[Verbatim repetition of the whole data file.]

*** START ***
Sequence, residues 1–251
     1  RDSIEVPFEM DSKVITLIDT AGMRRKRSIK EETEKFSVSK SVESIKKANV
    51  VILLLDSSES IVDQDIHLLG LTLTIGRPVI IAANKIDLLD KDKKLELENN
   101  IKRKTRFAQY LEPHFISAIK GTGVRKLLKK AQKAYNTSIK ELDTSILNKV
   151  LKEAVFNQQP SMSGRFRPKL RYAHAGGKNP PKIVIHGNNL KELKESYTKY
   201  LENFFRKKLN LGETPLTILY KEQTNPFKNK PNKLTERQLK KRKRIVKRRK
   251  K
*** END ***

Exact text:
Sequence, residues 1–251
     1  RDSIEVPFEM DSKVITLIDT AGMRRKRSIK EETEKFSVSK SVESIKKANV
    51  VILLLDSSES IVDQDIHLLG LTLTIGRPVI IAANKIDLLD KDKKLELENN
   101  IKRKTRFAQY LEPHFISAIK GTGVRKLLKK AQKAYNTSIK ELDTSILNKV
   151  LKEAVFNQQP SMSGRFRPKL RYAHAGGKNP PKIVIHGNNL KELKESYTKY
   201  LENFFRKKLN LGETPLTILY KEQTNPFKNK PNKLTERQLK KRKRIVKRRK
   251  K